How to pass a bill in three easy steps: 1) Make sure, before introducing the bill, that you have enough votes to ensure its passage. This process is made easier if your party controls the chamber from which the bill is launched; 2) if the votes are insufficient, redraft the bill to acquire more votes; 3) then and only then introduce the bill.
In the case of the gun restriction bill introduced and rejected by the U.S. Senate, something went wrong between steps 1 and 3.
The gun restriction bill rejected in the Democratic controlled U.S. Senate was a much watered down version of its Connecticut cousin.
The Connecticut gun restriction bill, S.B. No. 1160, includes in part the following features: 1) universal criminal background checks for the sale of all guns including the private sales of rifles and shotguns. Background checks also would be required to buy ammunition and magazines; 2) the bill establishes the first statewide dangerous weapon offender registry in the nation. Persons who have been convicted of any of 40 weapons offenses must register with the state for five years after their release; 3) people involuntarily committed by court order to a hospital for psychiatric disabilities within five years would not be allowed to possess a gun; 4) in a follow-up measure, owners of weapons will be legally required to protectively store and secure a firearm in cases in which a resident on the premises poses a risk of personal injury to themselves or others.
The Connecticut bill added to a long list of guns already banned in the state (150) additional weapons, including the semi-automatic long rifle used by Adam Lanza in his assault on Sandy Hook Elementary school children and their wards. The bill, accepted on a bipartisan vote in Connecticut’s Democratic controlled General Assembly – 26-10 in the Senate and 105-44 in the House -- moved the state to the number one position among states in the nation that restrict guns purchases by non-criminals.
The national gun restriction bill, a considerably stripped down version of Connecticut’s law, contained ONLY a mandate for expanded background checks. And yet the bill failed by four votes in a chamber controlled by Democrats. Four Democrats – including Majority Leader of the U.S. Senate Harry Reid, an “avid Nevada sportsman,” according to his biography -- voted against the bill. Mr. Reid said he voted against the bill so that later he would be able to vote for a similar amendment.
Following defeat of the bill, President Barack Obama reverted to his default campaign mode. Despite U.S. Senator Chris Murphy’s ringing declaration that the National Rifle Association (NRA) was, at least on the point of background checks, a toothless and clawless paper tiger, Mr. Obama traced the defeat of the bill to an empowered NRA, the villain in every Democrat’s closet.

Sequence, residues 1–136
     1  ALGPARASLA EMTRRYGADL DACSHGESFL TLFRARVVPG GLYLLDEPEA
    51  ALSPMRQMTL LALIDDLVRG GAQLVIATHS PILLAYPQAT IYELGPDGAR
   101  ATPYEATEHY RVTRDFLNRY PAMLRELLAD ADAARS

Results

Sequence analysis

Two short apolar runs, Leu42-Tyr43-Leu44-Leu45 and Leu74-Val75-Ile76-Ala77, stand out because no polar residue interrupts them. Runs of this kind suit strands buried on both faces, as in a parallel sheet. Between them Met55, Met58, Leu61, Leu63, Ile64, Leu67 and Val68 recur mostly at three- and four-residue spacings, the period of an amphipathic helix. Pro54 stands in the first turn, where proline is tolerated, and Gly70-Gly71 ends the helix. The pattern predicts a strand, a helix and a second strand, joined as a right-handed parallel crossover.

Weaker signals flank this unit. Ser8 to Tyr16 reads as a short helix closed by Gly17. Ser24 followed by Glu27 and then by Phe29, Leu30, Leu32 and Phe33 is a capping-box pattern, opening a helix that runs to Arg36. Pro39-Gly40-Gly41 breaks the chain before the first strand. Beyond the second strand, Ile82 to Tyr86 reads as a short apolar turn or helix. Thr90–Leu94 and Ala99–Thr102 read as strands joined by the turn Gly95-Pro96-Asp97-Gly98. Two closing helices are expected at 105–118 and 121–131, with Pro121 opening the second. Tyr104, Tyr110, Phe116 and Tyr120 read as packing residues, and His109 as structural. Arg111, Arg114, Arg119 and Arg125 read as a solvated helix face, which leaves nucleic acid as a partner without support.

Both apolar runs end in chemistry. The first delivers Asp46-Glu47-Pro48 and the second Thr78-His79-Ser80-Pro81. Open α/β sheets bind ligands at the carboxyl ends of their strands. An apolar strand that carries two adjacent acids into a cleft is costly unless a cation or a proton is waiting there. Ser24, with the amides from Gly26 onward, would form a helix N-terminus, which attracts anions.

“Instead of supporting this compromise,” Mr. Obama said, the gun lobby and its allies willfully lied about the bill. They claimed that it would create some sort of big brother gun registry – even though the bill did the opposite" and "in fact, outlawed any registry," Obama said. So all in all, this was a pretty shameful day for Washington…” not to mention – and no Democrat did – the Democratic controlled U.S. Senate.
Fear ruled the day.” Angered by a resounding defeat Wednesday of proposed gun control legislation that grew out of the Sandy Hook Elementary School massacre,” the Harford Courant reported, “President Barack Obama stood outside the White House with parents of murdered Newtown first-graders and vowed: ‘This effort is not over.’"
Indeed, the upside of the losing vote in the Democratic controlled Senate is that Democrats who favored the Senate bill will be able to use the no vote as a Deus ex machine that will lift them into Congress, while Democrats who voted against the bill need not worry overmuch about the eltoral consequences of a dead bill. The vote against the bill in the Senate by Democratic Senate leader Reid certainly will not hurt his re-election chances in Nevada, whose lesser U.S. Senator, Republican Dean Heller, also voted against the measure. Mr. Heller telegraphed his “No” vote on April 16, causing the Las Vegas Sun to cough up a hairball:
“Nevada Sen. Dean Heller will vote against the Manchin-Toomey amendment on gun control, his office announced Tuesday afternoon. The announcement potentially seriously complicates Sen. Harry Reid’s efforts to get 60 senators to vote for what many have surmised is the best chance the Senate has to approve expanded background checks, an idea recent polls show has wide support — almost 90 percent — in the general populace.”
Connecticut's two U.S. Senators Blumenthal and Murphy have yet to comment on Mr. Reid's uncharacteristic bumbling.